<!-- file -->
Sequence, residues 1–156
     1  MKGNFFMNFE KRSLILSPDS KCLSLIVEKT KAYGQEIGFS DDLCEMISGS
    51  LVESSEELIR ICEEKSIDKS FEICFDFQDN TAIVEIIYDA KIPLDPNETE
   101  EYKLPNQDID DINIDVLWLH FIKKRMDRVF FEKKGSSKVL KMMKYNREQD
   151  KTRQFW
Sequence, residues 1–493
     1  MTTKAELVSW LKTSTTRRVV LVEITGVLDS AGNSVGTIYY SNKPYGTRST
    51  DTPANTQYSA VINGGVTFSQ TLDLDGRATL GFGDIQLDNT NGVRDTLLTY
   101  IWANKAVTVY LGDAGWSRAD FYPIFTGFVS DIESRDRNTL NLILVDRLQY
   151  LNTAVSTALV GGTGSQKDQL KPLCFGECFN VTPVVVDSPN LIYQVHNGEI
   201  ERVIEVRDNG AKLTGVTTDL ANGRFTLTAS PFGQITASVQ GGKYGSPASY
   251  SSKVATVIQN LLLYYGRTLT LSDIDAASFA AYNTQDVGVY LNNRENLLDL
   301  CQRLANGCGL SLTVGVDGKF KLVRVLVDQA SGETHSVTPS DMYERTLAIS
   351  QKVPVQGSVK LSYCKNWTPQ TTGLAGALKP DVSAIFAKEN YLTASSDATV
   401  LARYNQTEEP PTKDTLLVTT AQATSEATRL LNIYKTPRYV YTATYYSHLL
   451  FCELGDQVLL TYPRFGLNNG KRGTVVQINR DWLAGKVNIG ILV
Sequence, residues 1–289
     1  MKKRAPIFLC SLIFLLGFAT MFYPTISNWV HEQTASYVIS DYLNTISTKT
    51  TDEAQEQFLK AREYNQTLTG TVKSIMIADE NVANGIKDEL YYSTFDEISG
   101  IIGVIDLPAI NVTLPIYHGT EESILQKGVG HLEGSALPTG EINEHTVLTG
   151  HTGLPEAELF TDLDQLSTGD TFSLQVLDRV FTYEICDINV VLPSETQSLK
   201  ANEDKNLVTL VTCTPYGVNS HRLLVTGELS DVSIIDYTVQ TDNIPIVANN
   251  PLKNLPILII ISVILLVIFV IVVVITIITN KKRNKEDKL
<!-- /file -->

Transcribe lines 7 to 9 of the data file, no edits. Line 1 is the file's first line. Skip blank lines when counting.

     1  MTTKAELVSW LKTSTTRRVV LVEITGVLDS AGNSVGTIYY SNKPYGTRST
    51  DTPANTQYSA VINGGVTFSQ TLDLDGRATL GFGDIQLDNT NGVRDTLLTY
   101  IWANKAVTVY LGDAGWSRAD FYPIFTGFVS DIESRDRNTL NLILVDRLQY